Nope. Not in normal use, and certainly not in Texas 2/21 conditions. Please read why, for comprehension.


Rich Davis
May 5, 2023 4:14 am

Where do we go from here?

The consensus from within the handbasket is that things are getting hotter.

Peta of Newark
May 5, 2023 4:32 am

OK so they’ve run their experiment, what was the result?

i.e. Did the kids stop getting Asthma

Steve Case
Reply to  Peta of Newark
May 5, 2023 5:41 am

I love it when someone asks what should have been the obvious question (-:

Matthew Bergin
Reply to  Peta of Newark
May 5, 2023 5:58 am

Good question.

Reply to  Peta of Newark
May 5, 2023 6:13 am

Asthma is a reaction to clean air?

It was never a real thing until later. That’s quite the conundrum.

“Trends in asthma indicators from population surveys (prevalence) and routine statistics (primary care, prescriptions, hospital admissions and mortality) in the UK were reviewed from 1955 to 2004. The prevalence of asthma increased in children by 2 to 3-fold, but may have flattened or even fallen recently. Current trends in adult prevalence are flat. The prevalence of a life-time diagnosis of asthma increased in all age groups. The incidence of new asthma episodes presenting to general practitioners increased in all ages to a plateau in the mid 1990s and has declined since. During the 1990s, the annual prevalence of new cases of asthma and of treated asthma in general practice showed no major change. Hospital admissions increased from the early 1960s, more so in children, until the late 1980s and have fallen since. Asthma mortality showed two waves, a shorter and more intense one in the mid 1960s and a longer and less intense one in the late 1970s and early 1980s.”

Last edited 1 month ago by strativarius
John Oliver
Reply to  strativarius
May 5, 2023 10:49 am

Indoor smoking? Except for exceptionally polluted area maybe indoor air pollution was a bigger driver of asthma stats, but a complex situation study wise. But green loony bin will always conflate distort cherry pic hide data etc etc to get their way.

John Oliver
Reply to  John Oliver
May 5, 2023 10:55 am

more homes and buildings got year round climate control in 1960s on( closed windows year round!) prior to that kids atleast got a break from the indoor smoke when the windows were opened in spring summer fall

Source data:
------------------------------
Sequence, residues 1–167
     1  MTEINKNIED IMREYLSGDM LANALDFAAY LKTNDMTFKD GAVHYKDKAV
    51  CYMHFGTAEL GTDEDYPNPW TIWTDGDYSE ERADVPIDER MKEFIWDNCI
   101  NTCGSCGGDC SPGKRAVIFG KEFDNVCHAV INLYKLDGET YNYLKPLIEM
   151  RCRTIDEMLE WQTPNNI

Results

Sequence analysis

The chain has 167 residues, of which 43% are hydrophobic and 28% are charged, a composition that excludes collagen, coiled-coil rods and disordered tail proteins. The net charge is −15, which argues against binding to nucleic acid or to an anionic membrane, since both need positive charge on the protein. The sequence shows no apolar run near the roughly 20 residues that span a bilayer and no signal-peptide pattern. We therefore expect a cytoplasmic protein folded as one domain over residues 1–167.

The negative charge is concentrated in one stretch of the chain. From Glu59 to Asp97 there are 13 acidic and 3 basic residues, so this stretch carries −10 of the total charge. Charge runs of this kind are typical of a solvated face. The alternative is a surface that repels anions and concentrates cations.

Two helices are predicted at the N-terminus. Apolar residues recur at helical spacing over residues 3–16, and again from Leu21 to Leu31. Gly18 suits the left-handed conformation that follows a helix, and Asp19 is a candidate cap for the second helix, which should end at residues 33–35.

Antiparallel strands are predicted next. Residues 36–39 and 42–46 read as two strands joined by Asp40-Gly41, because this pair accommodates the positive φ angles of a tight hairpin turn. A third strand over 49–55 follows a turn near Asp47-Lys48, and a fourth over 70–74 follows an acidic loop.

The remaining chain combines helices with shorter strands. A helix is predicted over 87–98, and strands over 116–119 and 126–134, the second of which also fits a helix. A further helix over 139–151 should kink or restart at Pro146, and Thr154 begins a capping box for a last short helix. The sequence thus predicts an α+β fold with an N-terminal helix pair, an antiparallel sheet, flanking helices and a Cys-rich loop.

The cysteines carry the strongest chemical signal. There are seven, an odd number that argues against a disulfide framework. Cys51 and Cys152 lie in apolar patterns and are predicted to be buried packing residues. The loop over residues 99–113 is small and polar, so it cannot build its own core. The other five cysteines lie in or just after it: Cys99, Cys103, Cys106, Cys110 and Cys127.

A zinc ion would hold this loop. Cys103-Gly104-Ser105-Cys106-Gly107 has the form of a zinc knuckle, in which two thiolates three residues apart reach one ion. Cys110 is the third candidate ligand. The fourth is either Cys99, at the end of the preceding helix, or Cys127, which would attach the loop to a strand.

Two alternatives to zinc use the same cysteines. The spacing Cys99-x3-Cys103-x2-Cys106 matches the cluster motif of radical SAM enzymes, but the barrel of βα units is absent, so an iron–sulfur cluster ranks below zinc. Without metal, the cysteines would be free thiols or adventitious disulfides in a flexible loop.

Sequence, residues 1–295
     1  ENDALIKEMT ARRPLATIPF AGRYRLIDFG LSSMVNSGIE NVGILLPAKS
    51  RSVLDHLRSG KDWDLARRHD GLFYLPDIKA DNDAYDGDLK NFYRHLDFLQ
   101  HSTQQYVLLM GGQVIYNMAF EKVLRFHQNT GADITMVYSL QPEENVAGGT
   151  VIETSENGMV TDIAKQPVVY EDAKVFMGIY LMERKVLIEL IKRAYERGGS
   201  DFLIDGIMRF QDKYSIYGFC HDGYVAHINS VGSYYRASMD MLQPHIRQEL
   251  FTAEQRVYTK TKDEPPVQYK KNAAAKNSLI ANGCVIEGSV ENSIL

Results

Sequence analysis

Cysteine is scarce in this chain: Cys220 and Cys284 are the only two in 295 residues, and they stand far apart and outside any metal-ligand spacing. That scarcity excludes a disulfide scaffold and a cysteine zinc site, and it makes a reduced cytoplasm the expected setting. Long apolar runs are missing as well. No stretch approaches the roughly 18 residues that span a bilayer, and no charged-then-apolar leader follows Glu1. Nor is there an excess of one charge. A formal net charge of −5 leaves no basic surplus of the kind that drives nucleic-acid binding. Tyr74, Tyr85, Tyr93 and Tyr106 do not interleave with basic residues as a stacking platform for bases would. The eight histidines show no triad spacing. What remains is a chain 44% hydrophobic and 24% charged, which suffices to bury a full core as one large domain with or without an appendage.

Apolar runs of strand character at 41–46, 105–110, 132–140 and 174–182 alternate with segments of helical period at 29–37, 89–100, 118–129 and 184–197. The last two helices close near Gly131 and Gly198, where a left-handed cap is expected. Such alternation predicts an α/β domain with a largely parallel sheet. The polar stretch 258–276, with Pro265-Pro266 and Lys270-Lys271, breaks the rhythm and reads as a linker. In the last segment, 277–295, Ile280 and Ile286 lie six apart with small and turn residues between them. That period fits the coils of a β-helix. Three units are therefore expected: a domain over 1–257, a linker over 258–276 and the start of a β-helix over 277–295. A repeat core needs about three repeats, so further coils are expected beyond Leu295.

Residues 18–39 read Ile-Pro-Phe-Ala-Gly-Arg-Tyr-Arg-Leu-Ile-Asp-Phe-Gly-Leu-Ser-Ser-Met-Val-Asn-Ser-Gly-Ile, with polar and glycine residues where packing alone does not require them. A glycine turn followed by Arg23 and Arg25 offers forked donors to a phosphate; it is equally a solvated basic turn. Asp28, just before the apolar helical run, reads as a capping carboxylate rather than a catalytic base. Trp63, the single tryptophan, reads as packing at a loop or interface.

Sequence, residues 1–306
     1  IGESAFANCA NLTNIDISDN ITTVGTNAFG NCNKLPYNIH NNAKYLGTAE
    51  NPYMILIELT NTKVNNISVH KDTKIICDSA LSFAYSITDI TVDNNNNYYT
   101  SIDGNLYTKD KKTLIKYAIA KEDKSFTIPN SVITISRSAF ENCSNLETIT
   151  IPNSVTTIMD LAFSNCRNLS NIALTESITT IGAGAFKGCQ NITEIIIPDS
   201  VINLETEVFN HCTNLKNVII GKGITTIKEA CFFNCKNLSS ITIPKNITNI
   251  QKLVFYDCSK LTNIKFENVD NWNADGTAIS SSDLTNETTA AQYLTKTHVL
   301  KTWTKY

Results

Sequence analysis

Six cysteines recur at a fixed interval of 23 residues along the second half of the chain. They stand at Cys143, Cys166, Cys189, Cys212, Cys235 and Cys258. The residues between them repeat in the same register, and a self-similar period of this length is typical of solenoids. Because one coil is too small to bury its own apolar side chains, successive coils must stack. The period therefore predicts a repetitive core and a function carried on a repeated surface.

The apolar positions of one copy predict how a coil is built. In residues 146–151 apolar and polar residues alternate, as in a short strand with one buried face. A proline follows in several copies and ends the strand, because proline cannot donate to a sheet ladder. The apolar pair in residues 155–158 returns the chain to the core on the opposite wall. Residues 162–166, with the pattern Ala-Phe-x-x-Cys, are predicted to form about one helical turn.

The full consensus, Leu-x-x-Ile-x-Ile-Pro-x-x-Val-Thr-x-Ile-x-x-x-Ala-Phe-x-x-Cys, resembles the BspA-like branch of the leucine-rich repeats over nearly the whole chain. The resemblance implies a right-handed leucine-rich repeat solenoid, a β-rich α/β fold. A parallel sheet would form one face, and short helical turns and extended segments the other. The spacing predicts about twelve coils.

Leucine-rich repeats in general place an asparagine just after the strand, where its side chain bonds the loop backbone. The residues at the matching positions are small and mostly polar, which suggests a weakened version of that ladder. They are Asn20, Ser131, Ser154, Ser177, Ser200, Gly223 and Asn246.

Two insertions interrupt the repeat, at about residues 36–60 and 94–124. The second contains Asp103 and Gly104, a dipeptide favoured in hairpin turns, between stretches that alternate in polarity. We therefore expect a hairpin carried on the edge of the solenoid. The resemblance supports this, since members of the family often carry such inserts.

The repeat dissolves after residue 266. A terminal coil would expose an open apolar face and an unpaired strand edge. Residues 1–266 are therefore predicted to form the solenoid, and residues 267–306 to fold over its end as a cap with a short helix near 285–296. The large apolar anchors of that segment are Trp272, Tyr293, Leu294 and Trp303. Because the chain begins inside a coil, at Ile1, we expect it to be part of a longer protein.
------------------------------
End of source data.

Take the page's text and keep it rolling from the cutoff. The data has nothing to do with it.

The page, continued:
Reply to  strativarius
May 5, 2023 5:40 pm

Why am I surprised by bureaucrats making regulations to reduce disease incidence before the cause of the disease is established. Guessing is replacing studying.
Society is paying a large and increasing price, including early deaths, by trendy home-made treatments of Science and Logic by people unqualified to have standing.
The emergence of experts in the politicisation of Science was largely based on the deliberate corruption of the Scientific Method in the global warming fiasco. It is past the time to return to it.
Similar degrading of the professionalism of Engineering is illustrated here, the stupidity of using a sub-system known to fail, to combat failure. Simply stupid and amateurish.
Come on, Scientists, Engineers, Medical Researchers, you have a duty to be strong and demanding when you see the basics being perverted politically by people less capable than you are. Geoff S

May 5, 2023 5:16 am

These systems need better regulations. It is illegal to publish detailed transmission line maps because of national security.

Detailed gas infrastructure maps could easily be used to cut gas and power to tens of millions of people by identifying one or two sites to target. Right now, anyone with a little smarts and a pair of bolt cutters could cause chaos.

Doug S
May 5, 2023 5:30 am

So the moral of the story is don’t let a room full of under-educated, social workers and town busy bodies override the recommendation of the engineers when discussing the operation of your critical infrastructure. Thanks for the post Ed, very important that people understand this.

Joe Crawford
Reply to  Doug S
May 6, 2023 6:51 am

You nailed it!

May 5, 2023 5:41 am